Democratic Support for Amy Coney Barrett's SC Nomination Nearly Doubles in Two Weeks: Poll

Support for President Donald Trump's Supreme Court nominee Amy Coney Barrett being confirmed by the Senate has almost doubled among Democrats over two weeks, according to a new poll.

A Morning Consult poll released Wednesday and conducted between October 9 and October 11 found that 27 percent of Democrats favor Barrett being confirmed. A Morning Consult poll conducted on September 26, the same day Barrett was nominated, found that only 14 percent of Democrats supported her confirmation.

Most Democrats, 55 percent, still oppose Barrett's confirmation, while another 21 percent are undecided or have no opinion. Republican support for the conservative judge, already high at 71 percent in the first poll, increased to 77 percent in the recent poll. Independents moved from 28 percent to 38 percent in favor of Barrett being confirmed.

Among all registered voters, 48 percent said that the Senate should vote to confirm Barret, up from 37 percent on September 26. Just under a third, 31 percent, responded that she should not be confirmed, while 21 percent were undecided. While 57 percent of men favored Barrett's confirmation, only 40 percent of women agreed.

A plurality of 44 percent of registered voters said that they believe the Senate should decide Barrett's confirmation "as soon as possible, regardless of who wins the election," increasing from 39 percent two weeks earlier. The number of those who said that the Senate should "only vote on confirming her if President Trump wins the election" dropped from 40 percent to 36 percent.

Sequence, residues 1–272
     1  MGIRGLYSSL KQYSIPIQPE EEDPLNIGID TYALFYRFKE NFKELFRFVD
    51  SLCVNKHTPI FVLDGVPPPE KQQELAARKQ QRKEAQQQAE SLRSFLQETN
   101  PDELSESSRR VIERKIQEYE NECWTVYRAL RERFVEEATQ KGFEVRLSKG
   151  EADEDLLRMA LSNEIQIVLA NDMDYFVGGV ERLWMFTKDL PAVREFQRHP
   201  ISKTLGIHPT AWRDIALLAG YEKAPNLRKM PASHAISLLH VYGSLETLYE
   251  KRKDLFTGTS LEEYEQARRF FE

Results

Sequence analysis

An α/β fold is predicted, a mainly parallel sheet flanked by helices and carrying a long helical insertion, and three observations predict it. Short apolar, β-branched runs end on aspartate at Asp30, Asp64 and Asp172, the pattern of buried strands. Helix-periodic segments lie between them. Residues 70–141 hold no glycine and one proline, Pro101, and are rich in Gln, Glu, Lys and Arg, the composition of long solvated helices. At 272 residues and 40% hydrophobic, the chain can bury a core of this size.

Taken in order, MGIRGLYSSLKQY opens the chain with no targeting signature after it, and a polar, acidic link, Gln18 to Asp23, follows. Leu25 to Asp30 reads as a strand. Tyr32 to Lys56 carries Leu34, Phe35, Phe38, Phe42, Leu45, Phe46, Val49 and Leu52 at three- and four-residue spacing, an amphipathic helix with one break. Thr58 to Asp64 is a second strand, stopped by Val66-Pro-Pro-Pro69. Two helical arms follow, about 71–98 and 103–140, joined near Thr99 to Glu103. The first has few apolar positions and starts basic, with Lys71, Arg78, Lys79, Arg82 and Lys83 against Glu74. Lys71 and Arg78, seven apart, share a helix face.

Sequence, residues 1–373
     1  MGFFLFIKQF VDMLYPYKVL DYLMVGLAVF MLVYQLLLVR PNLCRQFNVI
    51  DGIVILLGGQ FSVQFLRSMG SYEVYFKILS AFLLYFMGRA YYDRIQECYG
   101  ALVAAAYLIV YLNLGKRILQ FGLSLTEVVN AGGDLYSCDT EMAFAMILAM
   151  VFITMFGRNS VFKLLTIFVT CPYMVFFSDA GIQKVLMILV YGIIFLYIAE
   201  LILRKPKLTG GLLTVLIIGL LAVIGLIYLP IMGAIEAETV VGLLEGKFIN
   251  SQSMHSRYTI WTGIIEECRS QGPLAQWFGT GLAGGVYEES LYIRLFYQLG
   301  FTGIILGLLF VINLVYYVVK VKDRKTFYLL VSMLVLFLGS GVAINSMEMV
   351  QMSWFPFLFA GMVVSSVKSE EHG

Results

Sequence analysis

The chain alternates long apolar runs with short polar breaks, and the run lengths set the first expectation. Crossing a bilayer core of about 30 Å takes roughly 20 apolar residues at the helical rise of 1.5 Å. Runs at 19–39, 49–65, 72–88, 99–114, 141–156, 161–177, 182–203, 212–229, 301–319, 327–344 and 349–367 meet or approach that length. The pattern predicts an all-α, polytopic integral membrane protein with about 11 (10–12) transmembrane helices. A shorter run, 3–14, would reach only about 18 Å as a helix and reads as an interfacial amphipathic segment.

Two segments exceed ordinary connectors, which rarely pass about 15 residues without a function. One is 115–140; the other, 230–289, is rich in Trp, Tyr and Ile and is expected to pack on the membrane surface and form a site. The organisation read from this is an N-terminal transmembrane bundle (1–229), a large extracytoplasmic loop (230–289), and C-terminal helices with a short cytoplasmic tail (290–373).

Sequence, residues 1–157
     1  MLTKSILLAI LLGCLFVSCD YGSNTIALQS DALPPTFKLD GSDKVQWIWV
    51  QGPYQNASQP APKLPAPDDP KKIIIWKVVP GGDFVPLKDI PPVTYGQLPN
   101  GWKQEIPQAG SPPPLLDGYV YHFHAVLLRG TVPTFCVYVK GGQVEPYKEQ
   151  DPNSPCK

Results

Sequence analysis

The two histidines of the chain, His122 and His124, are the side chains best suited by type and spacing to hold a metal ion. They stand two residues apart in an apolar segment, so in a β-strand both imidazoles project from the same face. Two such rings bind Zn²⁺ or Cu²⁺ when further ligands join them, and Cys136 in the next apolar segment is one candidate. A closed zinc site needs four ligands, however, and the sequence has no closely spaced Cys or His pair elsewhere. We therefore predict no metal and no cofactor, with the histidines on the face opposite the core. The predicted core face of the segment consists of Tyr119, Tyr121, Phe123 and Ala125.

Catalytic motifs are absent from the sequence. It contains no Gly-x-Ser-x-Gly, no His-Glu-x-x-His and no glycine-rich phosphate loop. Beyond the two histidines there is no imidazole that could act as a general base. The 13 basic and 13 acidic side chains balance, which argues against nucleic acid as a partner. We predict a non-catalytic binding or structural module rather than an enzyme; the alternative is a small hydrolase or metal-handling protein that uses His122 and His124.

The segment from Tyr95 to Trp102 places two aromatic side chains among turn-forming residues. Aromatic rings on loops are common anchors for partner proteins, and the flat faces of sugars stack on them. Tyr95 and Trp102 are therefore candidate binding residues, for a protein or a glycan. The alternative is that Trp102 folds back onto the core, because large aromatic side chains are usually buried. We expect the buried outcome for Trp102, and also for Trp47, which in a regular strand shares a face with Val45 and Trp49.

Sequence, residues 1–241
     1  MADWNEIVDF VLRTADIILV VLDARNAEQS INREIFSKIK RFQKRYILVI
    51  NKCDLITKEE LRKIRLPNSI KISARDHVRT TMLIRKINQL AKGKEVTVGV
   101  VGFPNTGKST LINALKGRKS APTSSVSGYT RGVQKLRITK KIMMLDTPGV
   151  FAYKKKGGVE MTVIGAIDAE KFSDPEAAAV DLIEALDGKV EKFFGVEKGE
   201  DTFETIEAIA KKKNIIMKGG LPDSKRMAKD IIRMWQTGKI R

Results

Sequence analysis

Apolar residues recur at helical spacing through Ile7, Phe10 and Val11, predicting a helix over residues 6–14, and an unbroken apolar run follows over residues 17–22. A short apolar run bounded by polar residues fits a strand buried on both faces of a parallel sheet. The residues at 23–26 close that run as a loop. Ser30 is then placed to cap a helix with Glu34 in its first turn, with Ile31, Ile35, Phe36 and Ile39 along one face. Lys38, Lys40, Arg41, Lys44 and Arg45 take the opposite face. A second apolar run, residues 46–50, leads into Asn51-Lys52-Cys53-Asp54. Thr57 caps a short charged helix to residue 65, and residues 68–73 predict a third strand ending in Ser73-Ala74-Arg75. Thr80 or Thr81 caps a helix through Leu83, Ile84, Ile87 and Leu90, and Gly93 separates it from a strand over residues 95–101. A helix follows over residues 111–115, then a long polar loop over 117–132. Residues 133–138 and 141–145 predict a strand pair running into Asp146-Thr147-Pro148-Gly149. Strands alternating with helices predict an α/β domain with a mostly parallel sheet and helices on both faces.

Judge Amy Coney Barrett
U.S. Supreme Court nominee Amy Coney Barrett testifies during a hearing of the Senate Judiciary Committee in Washington, D.C. on October 14, 2020. Andrew Caballero-Reynolds-Pool/Getty

Trump announced Barrett's nomination at a White House event that was later suspected of being the source of a COVID-19 outbreak among many prominent Republicans. Sen. Mike Lee (R-Utah) and Sen. Thom Tillis (R-N.C.), members of the Senate Judiciary Committee, are both attending Barrett's confirmation hearings less than two weeks after testing positive.

Many Democrats have accused Republicans of hypocrisy for citing the 2016 presidential election as a reason to refuse hearings for Judge Merrick Garland, former President Barack Obama's nominee to replace Justice Antonin Scalia, who died almost nine months before the election.

Republican leadership claimed that they would apply the same standard in the future, but quickly backtracked and vowed to confirm Barrett, a former Scalia clerk, following the death of Justice Ruth Bader Ginsburg less than two months before the current election.

"Republicans should honor this word [and] their promise and let the American people be heard," Sen. Dianne Feinstein, the judiciary committee's ranking Democratic member, said in her opening statement on Monday. "Simply put, we should not be moving forward on this nomination – not until the election has ended and the next president has taken office."

Newsweek reached out to Feinstein's office for comment.